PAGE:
At “The Carnival,” bigger kids eat pizza, drink root beer and orange soda, sing karaoke songs (a mish-mash of Sesame Street favorites and Top 40 tunes picked up from dad, mom, and older siblings), do lots of crafts (cookie decorating, tie-dye shirts, and friendship bracelets are perennial favorites), stay up well past midnight watching Sponge Bob Square Pants and Dog with a Blog, and get picked up the next morning after a pancake breakfast, just in time for soccer practice.

Stage 3: The All-Nighter (11-12 Years Old)

It’s halfway through middle school, and kids (especially girls) have a lot to talk about.  “The All-Nighter” might be a birthday party or holiday of some kind, but it’s probably just a random Friday night.  At least a dozen kids show up sometime before it gets dark, most of them dropped off in the driveway.  They may be carrying a blanket and pillow, or maybe not, and they probably each have a backpack, duffel bag, or reusable grocery sack with an oversized t-shirt, a toothbrush, and at least two electronic gizmos (probably a smart phone and an iPad).

At “The All-Nighter” tween girls eat pizza, drink lemonade and ginger ale, sing karaoke (hint: keep an ear open for the “family friendly” version of their favorite songs), do each other’s hair and nails, play games like “Two Truths and a Lie,” stay up all night talking and watching Hairspray and The Princess Diaries, and in the morning, after a quick bowl of Rice Krispies, dash off to the next kid’s house.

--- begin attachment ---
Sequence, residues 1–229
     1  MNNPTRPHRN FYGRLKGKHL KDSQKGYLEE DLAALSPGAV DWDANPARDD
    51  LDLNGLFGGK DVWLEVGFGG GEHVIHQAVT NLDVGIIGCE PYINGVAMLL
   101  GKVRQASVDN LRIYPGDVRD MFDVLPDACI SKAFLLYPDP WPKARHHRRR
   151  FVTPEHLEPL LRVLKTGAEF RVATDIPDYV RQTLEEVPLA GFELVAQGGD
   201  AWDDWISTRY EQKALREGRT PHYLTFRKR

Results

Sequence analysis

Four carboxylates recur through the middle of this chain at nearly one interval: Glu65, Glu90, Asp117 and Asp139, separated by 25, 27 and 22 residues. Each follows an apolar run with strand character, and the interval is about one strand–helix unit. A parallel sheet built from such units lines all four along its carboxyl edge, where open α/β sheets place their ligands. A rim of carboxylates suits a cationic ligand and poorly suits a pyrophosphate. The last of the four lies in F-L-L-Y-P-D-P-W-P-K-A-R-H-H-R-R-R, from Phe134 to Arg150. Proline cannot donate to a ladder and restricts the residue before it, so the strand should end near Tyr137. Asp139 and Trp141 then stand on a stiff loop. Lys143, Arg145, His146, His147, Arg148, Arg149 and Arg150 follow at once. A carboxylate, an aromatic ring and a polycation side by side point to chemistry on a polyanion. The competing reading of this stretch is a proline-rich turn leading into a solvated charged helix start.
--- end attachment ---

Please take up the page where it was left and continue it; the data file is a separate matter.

Stage 4: The Surprise Party (13-15 Years Old)

This one is a bit new at our place, but already taking on a shape of its own.  As advertised, no one (no parents anyway) knew “The Surprise Party” was happening in advance.  Somehow, some number of kids (could be between two and twelve depending on the occasion) end up still at your house at or after dinnertime, following a birthday party (could even be yours), trip to the beach, or “study group” meeting.  No one brings a pillow or blanket, because they are not even going to pretend that any sleep will happen that night.  They may or may not have a change of clothes, a toothbrush, an iPhone, and a retainer at the bottom of a big purse.  You can’t tell, since they all went straight upstairs for some “important conversation.”

At some point during “The Surprise Party” someone must have ordered pizzas, because the delivery guy rings the bell just after 9 o’clock.  The girls ask for flavored water and Diet Coke and go back to their summit meeting on the second floor.  Later, when every sensible person over 40 is soundly asleep, they watch some movie based on an end-of-the-world romance book they read a couple years ago (like Twilight or The Hunger Games).  A few of them are gone before breakfast, and the rest might be moving in.

Then, while cleaning up the next morning, you discover a worn, well-squeezed, somewhat dirty and tattered stuffed monkey with “Toby” written in faded marker on his back, wedged in a sofa cushion, and you know that they are still the same girls.  

A little taller, maybe a little moodier, and not remotely interested in Scooby Doo goody bags; but still toting Toby to sleepovers…

Whoever “Toby” is at your house, be sure to give him a big hug today.

(And Happy Birthday, Little Sis Z…)

Theme by Anders Norén